Pando

The Racket, signifying nothing

By Paul Bradley Carr , written on December 16, 2014

From The News Desk

"The Racket was cruising along with the kind of editorial independence only a billionaire can buy you. It had no immediate deliverables: no traffic goals, no revenue plan, not even an ad sales team. The only plan was to build an audience."Mat Honan, Wired 
There's an old joke: "Ideas are like assholes: Everybody has one, most of them stink." Judging by Mat Honan's profile of failed satire blog, The Racket, an equally true punchline would be: "Ideas are like assholes: There were two of them at The Racket, and neither could be made to work."

Clearly, Honan's editors at Wired were hoping to publish a profile of the web's hottest new satire site, edited by Matt Taibbi, and backed by millions of dollars from eBay billionaire Pierre Omidyar. But then Taibbi flamed out and Omidyar shut down the entire project, leaving Honan with a journalistic dilemma: What the fuck am I supposed to do with these notes?

Like a thrifty old woman boiling chicken bones for stock, Honan decided to turn his visit to a Racket ideas meeting into a puff piece about how great the magazine would have been if only Pierre Omidyar hadn't pulled the plug. Its title: "The Guerrilla Tactics of The Racket, and How It Almost Upended Journalism."

“We’re just going to take over BuzzFeed Community Content for like a week and go nuts on it, and then disappear,” interjected Alex Pareene, The Racket’s deputy editor.

“Then we’ll go someplace else!” Taibbi shot back, excited now, as they started finishing each others’ sentences. “We’ll show up in the comments of somebody else’s site.” That, I grudgingly accept is a funny idea. It was funny when 4Chan did it a few years ago; it was funny when my old ezine, The Friday Thing, did it over a decade ago by taking over other sites' chat rooms; and it was definitely funny when people did it in the real world, and called it a flashmob.

What it isn't by any stretch is original or "upending," any more than a custard pie in the face is going to upend the circus.

But there was more:

“Yesterday I went to the occult bookstore in Bushwick,” said Pareene. “The guy who owns the shop throws runes. I wanted to get someone who reads animal entrails. We’re going to predict who is going to take the Senate with occult practices—we’re only going to use occult practices to predict things. Edith is also making us a Tarot deck.”
(This, by the way, is Edith Zimmerman's only mention in the piece, apparently reduced to the role of Taibbi and Pareene's props mistress)
“We also have an idea we’re calling Apartment 538, a Facebook community of people who look like Nate Silver, and we’re just going to poll them on things,” said Taibbi. “Instead of having a Nate Silver-produced poll we’re just going to poll 87 people who look like Nate Silver.”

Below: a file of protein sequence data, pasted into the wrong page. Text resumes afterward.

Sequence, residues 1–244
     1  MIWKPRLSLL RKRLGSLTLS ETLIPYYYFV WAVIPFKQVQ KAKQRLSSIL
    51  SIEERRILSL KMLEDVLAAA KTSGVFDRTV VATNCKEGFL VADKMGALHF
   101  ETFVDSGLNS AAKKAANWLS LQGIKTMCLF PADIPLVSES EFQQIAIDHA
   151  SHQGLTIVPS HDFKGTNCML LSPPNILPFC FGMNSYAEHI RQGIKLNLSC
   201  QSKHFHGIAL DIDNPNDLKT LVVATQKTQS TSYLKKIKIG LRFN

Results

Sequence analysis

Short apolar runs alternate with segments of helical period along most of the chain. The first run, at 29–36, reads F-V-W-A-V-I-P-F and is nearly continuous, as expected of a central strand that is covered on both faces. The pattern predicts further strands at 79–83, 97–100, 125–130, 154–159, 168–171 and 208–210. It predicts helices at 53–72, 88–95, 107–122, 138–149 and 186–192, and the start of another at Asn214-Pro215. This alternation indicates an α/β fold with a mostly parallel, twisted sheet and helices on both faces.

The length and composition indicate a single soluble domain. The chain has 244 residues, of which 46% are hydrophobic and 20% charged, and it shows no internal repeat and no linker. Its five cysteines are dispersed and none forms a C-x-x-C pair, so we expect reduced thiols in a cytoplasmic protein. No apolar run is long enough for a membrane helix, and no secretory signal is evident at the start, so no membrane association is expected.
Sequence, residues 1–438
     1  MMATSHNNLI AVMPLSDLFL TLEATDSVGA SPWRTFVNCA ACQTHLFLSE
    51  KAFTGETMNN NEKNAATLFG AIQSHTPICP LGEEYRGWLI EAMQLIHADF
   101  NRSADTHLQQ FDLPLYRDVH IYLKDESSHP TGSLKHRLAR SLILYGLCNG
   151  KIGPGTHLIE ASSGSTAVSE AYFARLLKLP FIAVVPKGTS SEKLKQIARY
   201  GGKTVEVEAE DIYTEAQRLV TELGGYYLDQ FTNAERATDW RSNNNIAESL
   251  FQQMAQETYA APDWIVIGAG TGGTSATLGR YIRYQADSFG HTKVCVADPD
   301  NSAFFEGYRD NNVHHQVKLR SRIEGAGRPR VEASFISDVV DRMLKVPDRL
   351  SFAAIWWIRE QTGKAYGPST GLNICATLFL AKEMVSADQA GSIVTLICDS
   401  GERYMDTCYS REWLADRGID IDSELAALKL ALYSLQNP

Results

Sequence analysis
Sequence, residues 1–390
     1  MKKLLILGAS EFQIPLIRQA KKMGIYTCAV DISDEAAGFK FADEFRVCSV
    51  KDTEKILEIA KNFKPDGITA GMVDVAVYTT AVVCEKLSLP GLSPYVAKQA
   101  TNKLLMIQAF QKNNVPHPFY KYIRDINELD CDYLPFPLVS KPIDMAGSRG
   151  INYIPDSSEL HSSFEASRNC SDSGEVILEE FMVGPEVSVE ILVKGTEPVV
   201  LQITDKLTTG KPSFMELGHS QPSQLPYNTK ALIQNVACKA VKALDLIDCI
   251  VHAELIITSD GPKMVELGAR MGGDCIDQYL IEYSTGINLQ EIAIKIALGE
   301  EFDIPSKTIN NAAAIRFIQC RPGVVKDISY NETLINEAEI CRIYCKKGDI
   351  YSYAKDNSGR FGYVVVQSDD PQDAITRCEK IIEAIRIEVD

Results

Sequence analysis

Someone fetch a mop! Journalism has been upended!

Honan leaves the Racket team's best idea for last:

We outsourced Thomas Friedman to an Indian content farm, where they produce for pennies a word, any kind of material you want.... “The joke here is that Thomas Friedman is always talking about the benefits of globalization,” says Taibbi.
Now that's funny. Now that's the kind of idea I wish a Pando writer would have come up with. Now that's...

...wait a minute.

Let's rewind back to the beginning of Honan's piece where he describes Taibbi's bona fides:

The Racket was to be a showcase for Matt Taibbi,the Rolling Stone reporter who made a name for himself running a newspaper in Russia before becoming one of the financial industry’s harshest critics.
Missing from that description, of course, is the identity of Taibbi's partner in the eXile: Pando's Mark Ames. Perhaps that's why the Friedman idea sounds so familiar.

Or perhaps it's because the idea was ripped off wholesale from when Mark Ames (writing as "Tamish Phreedman") published it in the eXile in 2004, two whole years after Taibbi left to become "one of the financial industry’s harshest critics."

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And yet.

There are no original ideas. Not really. If Taibbi hadn't ripped off Mark's idea then it's likely someone else would have done it. Hell, it's possible Mark would have ripped himself off. Here's Mark in 2013, then still at my old magazine NSFWCORP, suggesting a different spin:

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It doesn't really matter that none of the Racket's funny ideas was original and none of its original ideas was funny, nor is it hugely important that at least one of those ideas appears to be ripped off from a better, funnier writer. What matters is the laughable suggestion that the journalistic status quo was ever close to be challenged by Taibbi spitballing pranks in a fancy Manhattan skyscraper while Pareene chortled along, frantically clicking his Like button like some kind of millennial Ed McMahon.

Say it with me: Ideas. Are. Like. Assholes. In journalism, as in entrepreneurship, coming up with ideas is the easiest thing in the world for anyone with even half a functioning brain. The hard part, even if you have access to quarter of a billion dollars from the founder of eBay, is actually executing those ideas.

Facebook wasn't a particularly original idea -- it was the execution that made it brilliant. Same goes for Amazon, same goes for Spy magazine, same goes for Soul Cycle, Google and Buzzfeed.

We don't give founders credit for the ideas they didn't get around to building and we certainly shouldn't celebrate a group of writers who -- despite being given months of time, the fanciest of offices and access to more money than God -- were unable to publish a single word.